KohaCon13: Calm at the centers of the distributed whirlwinds
KohaCon13 opened up with a talk by Galen Charlton our 3.14 release manager. Galen started with what we have to look forward to in Koha 3.14. First and most importantly is what’s new for the patrons:
- A new OPAC theme built on bootstrap which will make Koha more modern and updated.
- Course reserves management
- Better integration with OverDrive will allow patrons to easily find ebooks via the catalog
- More secure password storage will improve system security
- Schema.org microdata will allow people to see data in your system and do interesting things with it
- An HTML5 offline circulation tool will make it so that you can do offline circulation right in a Koha interface (no software needed)
- Patron lists will allow you to create lists of patrons for modification or any other reason
- Z39.50 searching of authority records means that you can copy catalog authority records from trusted sources
- Ability to merge authority records will make it so that it’s easier to clean up duplicate authorities
- DOM indexing for libraries using UNIMARC which is a step in the direction of allowing Koha to index data other than MARC
- Ability to move orders from one vendor to another easily
- Ability to check items out without a barcode – you can do this with a title or keyword
- More options for lost fine policies
- Some Serials enhancements to improve flexibility with prediction patterns
Sys admins have some things to look forward to as well:
- Improvements to package scripts
- More hooks for OPAC customizations
- System preference overriding
- Translation fixes
But that’s not it! Developers have something to look forward to too:
- DBIx::Class – a step toward supporting not just MySQL
- More and better tests to make for a better release
- More Template Toolkit Plugins which allow us to move more of the OPAC logic out of the Perl files
So how does all of the above come to be? There are some dichotomies Galen brought up. The fist is Stability and instability. You can imagine a perfectly stable Koha and a perfectly unstable Koha. The first sounds awesome – but it’s actually a trap that we don’t want to fall in to. A perfectly stable Koha becomes static and doesn’t change and doesn’t grow … and becomes obsolete very quickly. A perfectly unstable Koha is not useable – it’s fun as an academic toy – but not at all practical.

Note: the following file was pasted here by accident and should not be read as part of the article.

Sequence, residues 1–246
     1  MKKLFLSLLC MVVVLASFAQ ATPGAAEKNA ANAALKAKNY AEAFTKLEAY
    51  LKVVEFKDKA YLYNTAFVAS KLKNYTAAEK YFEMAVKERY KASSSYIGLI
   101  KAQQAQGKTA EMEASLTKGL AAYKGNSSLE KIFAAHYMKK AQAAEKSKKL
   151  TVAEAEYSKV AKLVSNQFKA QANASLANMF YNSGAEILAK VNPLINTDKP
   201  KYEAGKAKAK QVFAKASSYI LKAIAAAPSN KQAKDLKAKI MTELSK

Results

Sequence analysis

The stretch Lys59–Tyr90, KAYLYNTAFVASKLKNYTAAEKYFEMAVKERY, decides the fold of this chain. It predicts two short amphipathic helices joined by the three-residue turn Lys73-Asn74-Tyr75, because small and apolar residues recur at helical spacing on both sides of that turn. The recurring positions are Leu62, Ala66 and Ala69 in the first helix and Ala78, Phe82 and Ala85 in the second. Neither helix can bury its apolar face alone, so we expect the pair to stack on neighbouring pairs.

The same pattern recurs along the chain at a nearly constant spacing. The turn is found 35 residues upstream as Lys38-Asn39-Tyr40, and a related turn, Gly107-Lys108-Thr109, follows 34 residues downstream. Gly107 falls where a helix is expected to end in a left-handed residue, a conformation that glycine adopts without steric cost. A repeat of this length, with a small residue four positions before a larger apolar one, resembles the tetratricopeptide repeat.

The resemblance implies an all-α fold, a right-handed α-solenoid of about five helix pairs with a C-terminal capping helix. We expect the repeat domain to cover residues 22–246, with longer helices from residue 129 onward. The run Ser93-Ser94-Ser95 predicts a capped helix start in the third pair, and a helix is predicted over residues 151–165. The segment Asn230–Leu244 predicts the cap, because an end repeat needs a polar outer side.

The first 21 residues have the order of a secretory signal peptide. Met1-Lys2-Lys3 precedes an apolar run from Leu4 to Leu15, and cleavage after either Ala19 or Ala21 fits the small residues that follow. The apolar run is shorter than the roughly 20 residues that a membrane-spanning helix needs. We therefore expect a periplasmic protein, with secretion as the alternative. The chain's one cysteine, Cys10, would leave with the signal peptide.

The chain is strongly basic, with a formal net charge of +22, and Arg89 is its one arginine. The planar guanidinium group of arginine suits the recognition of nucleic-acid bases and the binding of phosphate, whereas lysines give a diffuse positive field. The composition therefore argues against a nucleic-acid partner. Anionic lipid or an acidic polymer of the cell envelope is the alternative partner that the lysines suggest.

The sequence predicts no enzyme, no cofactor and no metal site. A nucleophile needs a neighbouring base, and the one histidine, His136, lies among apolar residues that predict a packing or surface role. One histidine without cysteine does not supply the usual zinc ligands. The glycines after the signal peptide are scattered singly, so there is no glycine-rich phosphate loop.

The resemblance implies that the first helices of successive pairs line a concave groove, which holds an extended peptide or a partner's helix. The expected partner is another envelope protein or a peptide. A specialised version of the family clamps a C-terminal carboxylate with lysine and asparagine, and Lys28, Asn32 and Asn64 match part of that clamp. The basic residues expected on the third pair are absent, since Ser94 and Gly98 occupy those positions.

Next is innovation and conservation. “Koha is not done yet!” We have to be careful to not take away things that people need, but to not keep things that are outdated. And when adding new features we need to make sure we’re adding useful features.
Given that – what is the lifecycle of a feature according to Galen?
- Idea – maybe this comes from a patron or from a staff member frustration – or because you want Koha do act exactly like the system you just moved from
- Resistance – even though others might like your idea, there will always be someone who resists the idea
- Iteration – resistance leads to discussion and this leads to a better idea/implementation
- Acceptance – finally everyone accepts the change
- Iteration – the people take and make it look better or update it for more use cases
- Conservation – this feature is kept in place
- Destruction – the feature may no longer be needed or the feature doesn’t go away but it becomes so much of the background it’s part of the fabric of the project
Galen went on to talk a bit about more about our process and the most important thing (I think) that he said is that we’re all working toward the same thing! We may not always agree or go about it the same way, but we all want a better Koha. Galen asked us to keep gratitude in our minds.
Read more by Nicole C.